Fran Cosper at the virtual lab for treatment

Fran Cosper used the Virtual Reality Lab, which is one of only two in Canada, during his rehab. The lab was purchased thanks to the support of the community and the Canadian Forces Health Services Group. Canadian Forces soldiers, and patients like Cosper, use it extensively to help them regain their balance and learn to walk again.

Cosper was completely dependent for care. He needed to be washed, dressed, and turned in bed. He couldn’t even close his eyes. The nurses had to tape his eyelids shut so he could sleep.

“It must be like being buried alive,” said Atkinson.

The worst part, Cosper explained, was the excruciating pain in every part of his body.

“Fran is still in a lot of severe pain because his nerves have been damaged,” said Dr. Sreenivasan. “He suffers a neuropathic pain that can feel anywhere from numb, burning, electric shock, or deep toothache. Pain management was very important.”

 

Dr. Sreenivasan

Both Dr. Sreenivasan (above) and Atkinson (below) agree that Cosper’s excellent fitness level, as well as his determination and positive attitude, helped accelerate his recovery.

Cosper had physiotherapy five hours a day, including three times a week in the Rehab Centre Pool. Within two months, he could stand and take steps with help. He learned to walk again: at first with a harness, then using the parallel bars. His arms were slower to recover and the fine motor skills in his fingers will take longer. Cosper plays jazz on the saxophone, so is motivated to get his fingers working again.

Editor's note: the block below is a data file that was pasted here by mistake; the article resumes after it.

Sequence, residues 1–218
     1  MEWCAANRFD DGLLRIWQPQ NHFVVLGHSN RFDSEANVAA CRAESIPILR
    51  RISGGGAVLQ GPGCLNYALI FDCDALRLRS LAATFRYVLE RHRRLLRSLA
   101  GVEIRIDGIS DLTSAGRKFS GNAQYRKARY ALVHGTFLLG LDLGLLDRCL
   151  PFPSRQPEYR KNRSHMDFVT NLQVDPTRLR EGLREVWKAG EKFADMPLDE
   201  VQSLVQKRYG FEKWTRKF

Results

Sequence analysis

“It’s not a foregone conclusion that I’ll ever play again,” Cosper said. “That’s the reality. But you have to have those moments of darkness. Embrace them and move on – that’s what you gotta do.”

Cosper’s positive attitude was infectious.

“What stood out about him was that he would encourage other patients as well,” said Dr. Sreenivasan. “Everybody has dark days. They wake up and think ‘I can’t do it. I just can’t see the light at the end of the tunnel.’ Fran was able to provide that light at the end of the tunnel and help others, which is pretty extraordinary considering what he was going through himself.”

Head Shot of Fran Cosper

Fran Cosper expects it will take him a year to fully recover from Guillain Barré Syndrome.

The nurses helped Cosper with day-to-day care, teaching him how to wash and dress himself and be independent again.

“I can honestly say that the kindness and level of care I’ve got really humbled me. The nurses and staff have just been marvelous,” said Cosper. “I’ve basically been swiped off the planet for a year. But the only negative thing about being in the hospital is the disease itself.”

Cosper was discharged and went home just before Thanksgiving. He walked out of the Rehab Centre using a walker. When he returned in early November for a follow-up physiotherapy appointment, he walked in unaided. Cosper is confident that he’ll be back on his bike in the spring.

The Ottawa Hospital uses donations to invest in equipment at the Rehabilitation Centre that will help people like Fran Cosper.